Lee Iverson wrote:
> And where does this claim come from? When has an open-source release
> "killed an industry"?
The difficulty with proving the proposition is the invisibility of the
effect. Once, there were 20 different unix competitors. (That was not
a good thing, mind you. The lack of standards was apalling.) Now, there
is Linux and Solaris. Will others ever exist? It's hard to tell. It's
*extremely* hard to identify how much work is not going on in a given
area, due to the lack of ability to derive compensation from it.
> A much better example is of an open source release "creating" an
> industry cf. the Web. The Web exists today because Tim Berners-Lee
> and the team at NCSA were committed to 1) simple, open standards, 2)
> open source software, and 3) a *free* front end. An strong argument
> can be made that these were the things that differentiated the 90's
> WWW success from the failures of all previous hypertext efforts.
That is a great example. It shows how great things can happen. But to
whom does the browser industry now belong? To the only company that
was actually making a profit at the time (and that from doing other
How many browser competitors are there? How many tree-oriented browsers,
XML-oriented browsers? How many of them are staffed to deliver a stable,
professional-grade product, vs. a nice weekend hack that will never
become much more than that?
> There are definitely successful open source companies (Cygnus was one
> and Codesourcery is another) that have very simple business models.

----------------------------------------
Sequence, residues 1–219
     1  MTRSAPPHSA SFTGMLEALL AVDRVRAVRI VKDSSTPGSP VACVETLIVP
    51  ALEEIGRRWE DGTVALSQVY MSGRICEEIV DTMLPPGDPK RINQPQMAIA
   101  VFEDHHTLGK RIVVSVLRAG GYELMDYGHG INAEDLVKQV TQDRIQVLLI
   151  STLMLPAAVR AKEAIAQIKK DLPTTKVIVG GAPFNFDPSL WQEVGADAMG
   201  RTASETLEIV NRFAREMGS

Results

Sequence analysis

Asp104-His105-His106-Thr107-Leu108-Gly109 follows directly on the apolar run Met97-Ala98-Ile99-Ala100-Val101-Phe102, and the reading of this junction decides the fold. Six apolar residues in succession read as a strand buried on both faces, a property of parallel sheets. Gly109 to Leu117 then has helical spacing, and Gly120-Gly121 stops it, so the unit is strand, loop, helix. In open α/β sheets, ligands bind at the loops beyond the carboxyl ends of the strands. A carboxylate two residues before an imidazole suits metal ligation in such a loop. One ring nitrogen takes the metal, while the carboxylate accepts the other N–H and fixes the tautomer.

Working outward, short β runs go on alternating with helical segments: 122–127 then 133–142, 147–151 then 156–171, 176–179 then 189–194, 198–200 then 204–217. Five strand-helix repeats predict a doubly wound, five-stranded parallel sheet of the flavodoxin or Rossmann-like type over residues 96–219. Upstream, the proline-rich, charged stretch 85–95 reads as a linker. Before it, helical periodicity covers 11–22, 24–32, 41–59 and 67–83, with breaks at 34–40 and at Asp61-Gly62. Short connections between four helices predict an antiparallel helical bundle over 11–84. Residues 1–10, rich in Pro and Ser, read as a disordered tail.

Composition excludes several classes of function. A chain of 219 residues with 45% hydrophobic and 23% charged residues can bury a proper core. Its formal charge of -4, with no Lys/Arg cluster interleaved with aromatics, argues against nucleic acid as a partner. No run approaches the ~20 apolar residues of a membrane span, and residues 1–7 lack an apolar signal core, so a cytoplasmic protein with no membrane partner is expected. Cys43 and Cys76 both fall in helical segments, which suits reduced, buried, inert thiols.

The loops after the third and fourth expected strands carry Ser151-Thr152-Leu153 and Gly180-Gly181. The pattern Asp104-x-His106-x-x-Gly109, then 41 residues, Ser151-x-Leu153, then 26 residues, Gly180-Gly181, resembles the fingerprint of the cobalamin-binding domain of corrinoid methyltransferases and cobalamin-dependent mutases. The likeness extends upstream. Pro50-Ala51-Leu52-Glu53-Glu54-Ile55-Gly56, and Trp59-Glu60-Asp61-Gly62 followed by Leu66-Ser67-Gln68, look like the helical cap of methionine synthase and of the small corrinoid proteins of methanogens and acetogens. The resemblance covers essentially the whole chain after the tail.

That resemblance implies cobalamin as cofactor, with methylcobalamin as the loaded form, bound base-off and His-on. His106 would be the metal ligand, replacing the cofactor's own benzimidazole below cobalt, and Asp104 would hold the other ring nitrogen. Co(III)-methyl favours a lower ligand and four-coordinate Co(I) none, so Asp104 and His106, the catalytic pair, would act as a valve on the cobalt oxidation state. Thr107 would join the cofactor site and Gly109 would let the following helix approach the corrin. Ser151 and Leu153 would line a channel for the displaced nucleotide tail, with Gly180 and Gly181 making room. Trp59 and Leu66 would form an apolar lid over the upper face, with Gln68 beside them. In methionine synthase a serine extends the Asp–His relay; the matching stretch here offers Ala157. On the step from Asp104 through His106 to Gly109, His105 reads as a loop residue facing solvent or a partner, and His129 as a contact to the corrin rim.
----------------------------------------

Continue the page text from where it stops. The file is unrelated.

> They develop and maintain open source software that other companies
> depend on. The companies paying for the work get the advantage of
> having a stable, centralized code base that they can direct the
> development of with their dollars. Moreover, because other companies
> are also paying to continue development, there is an economy of scale.
> With Apache, it is slightly different, in that the vast majority of
> development (as I understand it) gets done in-house by various
> companies who then feed the changes back into the open source code
> base. As Brian Behlendorf argues, everybody wins with this model.
> Most bugs get fixed quickly and fed back into the baseline code.
> There is a substantial incentive to not branch, since so much work is
> being done by others that you wouldn't be able to take advantage of if
> you were to branch or hold a large codebase private.
> There *are* successful business models out there. Interestingly, they
> are service-oriented and programmer-intensive. Seems just fine by me.
Yes. The Cygnus example in particular points to the one case where
open source *can* work. When you are selling a support to a company,
who can easily justify the expense because it is making money, then
the model can work. As I argued, it is consumer-grade products which
really seem to fail with this model.
I guess the lesson I would learn for the bootstrap project is to give
client software away to promote the market, and charge good money to
support the server side of the business!
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